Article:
Here’s something important: getting up.
Get. Up. That’s how I say it to myself, sometimes. Actually, that’s almost always how I say it to myself, sometimes aloud, especially during the school year. Get. Up. Jennifer. Do it now. I say this to myself when it is still dark outside and the alarm has gone off, when I have to leave the cloud of warm covers and the snoring man, have to plant my feet on the ground and see what the day will offer, after coffee and a shower and some breakfast.
I’ll come back to this, but later.
Back in August, I had a birthday. And as I wrote to the friends who were kind enough to send good wishes, the actual day of my birthday was neither spectacular nor terrible.
This is how days are, for the most part, somewhere between spectacular and terrible. Having had the privilege of both extremes, I know to appreciate that most days will fall somewhere in the middle.
That’s the thought I had in my mind, the glorious, chaotic beauty of the middle, as I was celebrating reaching the half-century mark, sitting elbow-to-elbow with my sister and a small group of dear friends, our noses tickling from champagne, enjoying creamy cucumber soup (see, I didn’t give up cooking entirely).
I started writing about these things – turning 50, dinner parties, glorious chaos – not too long after my actual birthday but before my favorite dog died, and before we had some big changes in my work, and around the time my dinner book project fell apart, and right at the tippy-top beginning of a wave of mild depression, all of which sent me, and my writing, on a temporary but noticeable detour. Today is the day we should talk about that.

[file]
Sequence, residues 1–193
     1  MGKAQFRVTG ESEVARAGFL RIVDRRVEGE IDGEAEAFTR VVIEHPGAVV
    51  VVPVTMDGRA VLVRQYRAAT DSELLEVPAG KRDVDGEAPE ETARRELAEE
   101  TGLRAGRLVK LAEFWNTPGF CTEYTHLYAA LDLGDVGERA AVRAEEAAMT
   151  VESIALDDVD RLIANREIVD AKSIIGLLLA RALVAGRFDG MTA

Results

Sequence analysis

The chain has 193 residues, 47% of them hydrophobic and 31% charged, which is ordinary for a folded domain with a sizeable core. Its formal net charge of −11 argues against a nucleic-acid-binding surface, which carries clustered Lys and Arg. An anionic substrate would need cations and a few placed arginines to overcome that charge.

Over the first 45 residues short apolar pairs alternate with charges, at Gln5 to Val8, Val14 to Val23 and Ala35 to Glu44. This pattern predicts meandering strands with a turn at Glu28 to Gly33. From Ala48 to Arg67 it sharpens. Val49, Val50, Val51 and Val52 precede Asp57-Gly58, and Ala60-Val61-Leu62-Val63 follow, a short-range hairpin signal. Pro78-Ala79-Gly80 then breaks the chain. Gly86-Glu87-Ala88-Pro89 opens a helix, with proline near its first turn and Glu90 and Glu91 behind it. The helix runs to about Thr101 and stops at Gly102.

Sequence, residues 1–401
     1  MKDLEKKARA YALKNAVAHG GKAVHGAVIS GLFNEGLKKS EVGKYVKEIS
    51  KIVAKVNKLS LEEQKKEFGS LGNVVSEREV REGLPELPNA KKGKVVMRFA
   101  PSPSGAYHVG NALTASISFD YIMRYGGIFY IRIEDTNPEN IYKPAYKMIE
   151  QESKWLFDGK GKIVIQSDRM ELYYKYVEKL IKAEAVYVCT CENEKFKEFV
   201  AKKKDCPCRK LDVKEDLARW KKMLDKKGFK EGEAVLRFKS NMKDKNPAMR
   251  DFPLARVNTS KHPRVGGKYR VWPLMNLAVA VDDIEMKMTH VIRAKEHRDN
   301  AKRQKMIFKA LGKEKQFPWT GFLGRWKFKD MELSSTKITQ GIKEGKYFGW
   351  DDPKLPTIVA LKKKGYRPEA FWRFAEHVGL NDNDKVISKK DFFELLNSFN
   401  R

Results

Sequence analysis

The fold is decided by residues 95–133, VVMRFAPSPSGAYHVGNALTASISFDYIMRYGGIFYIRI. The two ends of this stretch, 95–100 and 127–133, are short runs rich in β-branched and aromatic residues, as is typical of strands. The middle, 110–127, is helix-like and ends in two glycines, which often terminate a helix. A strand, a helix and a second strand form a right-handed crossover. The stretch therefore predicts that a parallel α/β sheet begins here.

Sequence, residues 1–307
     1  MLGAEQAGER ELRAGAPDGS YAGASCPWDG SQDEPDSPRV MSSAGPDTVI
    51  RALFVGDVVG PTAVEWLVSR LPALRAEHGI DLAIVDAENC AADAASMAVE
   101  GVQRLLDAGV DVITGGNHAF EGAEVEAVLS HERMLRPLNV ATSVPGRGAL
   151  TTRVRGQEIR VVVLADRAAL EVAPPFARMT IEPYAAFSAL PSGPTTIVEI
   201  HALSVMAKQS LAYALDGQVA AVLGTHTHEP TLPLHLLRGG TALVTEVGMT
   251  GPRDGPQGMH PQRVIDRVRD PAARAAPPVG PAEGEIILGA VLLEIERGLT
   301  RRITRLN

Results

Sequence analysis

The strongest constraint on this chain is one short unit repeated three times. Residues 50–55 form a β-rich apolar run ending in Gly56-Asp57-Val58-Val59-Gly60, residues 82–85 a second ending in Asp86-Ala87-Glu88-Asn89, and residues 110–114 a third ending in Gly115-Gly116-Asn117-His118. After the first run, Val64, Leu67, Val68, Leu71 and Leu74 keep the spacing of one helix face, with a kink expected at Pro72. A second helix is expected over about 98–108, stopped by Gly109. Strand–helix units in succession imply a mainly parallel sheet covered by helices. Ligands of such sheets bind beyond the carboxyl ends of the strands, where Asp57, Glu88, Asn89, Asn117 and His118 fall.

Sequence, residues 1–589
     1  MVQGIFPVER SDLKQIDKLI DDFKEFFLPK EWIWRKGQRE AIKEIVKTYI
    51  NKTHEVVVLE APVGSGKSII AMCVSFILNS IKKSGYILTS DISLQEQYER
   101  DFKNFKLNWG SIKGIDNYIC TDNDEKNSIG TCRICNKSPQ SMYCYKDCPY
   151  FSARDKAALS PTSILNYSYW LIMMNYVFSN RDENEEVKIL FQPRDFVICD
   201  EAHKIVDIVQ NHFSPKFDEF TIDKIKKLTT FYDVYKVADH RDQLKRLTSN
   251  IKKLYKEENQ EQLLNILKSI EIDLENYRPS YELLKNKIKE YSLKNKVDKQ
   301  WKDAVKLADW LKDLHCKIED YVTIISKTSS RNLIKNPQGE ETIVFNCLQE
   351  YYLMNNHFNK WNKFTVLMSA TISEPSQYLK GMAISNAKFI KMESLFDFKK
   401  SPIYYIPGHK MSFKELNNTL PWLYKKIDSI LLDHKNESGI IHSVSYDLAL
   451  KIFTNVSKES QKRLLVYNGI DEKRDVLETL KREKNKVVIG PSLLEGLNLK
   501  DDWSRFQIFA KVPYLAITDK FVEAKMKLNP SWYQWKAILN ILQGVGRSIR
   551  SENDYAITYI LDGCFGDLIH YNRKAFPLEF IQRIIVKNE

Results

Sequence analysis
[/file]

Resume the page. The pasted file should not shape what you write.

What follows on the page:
When I was in my 20s, like most people in their 20s, I was absolutely certain of almost everything and had questions only here and there. I am a very different person now from who I was then. Or, perhaps, I am now a different version of the same person, now with many questions and only spotty moments of absolute certainty.
One thing I was clever enough to question in my 20s was a recurring, intermittent, unpredictable pattern of feeling blue, of having days when it was all I could do to get out of bed. I was certain it was situational, the product of foolish choices, standard growing pains of being 20-something.
At the time I was working for a telecommunications company, full of engineers and analytical types. Since I worked in marketing I was often asked to help with employee communications projects like the internal newsletter. It was in that capacity, newsletter writer, that I helped announce our roll-out of the Employee Assistance Program, which was actually a brand new thing back then, even though it is now something many people take for granted.
Initially, as I recall, the EAP pamphlets focused on issues like drugs and alcohol, anger management and domestic trouble – serious problems at home that could be causing serious problems at work, that was the idea. Then came the brochure featuring these questions:
- Do you sometimes feel tired or sad for no reason?
- Do you suddenly lack interest in things you typically enjoy?
- Do you have unexplained changes in patterns of sleep or eating?
I’d like to tell you that I picked up the phone right away, that minute; but it was at least a week or two and probably a month or more later. I did call, though, because even though I was almost certain that my intermittent funks were situational, I did question whether talking to someone I didn’t know, someone with appropriate skill and training, could help me solve the puzzle, help me get out of the situations causing all the trouble.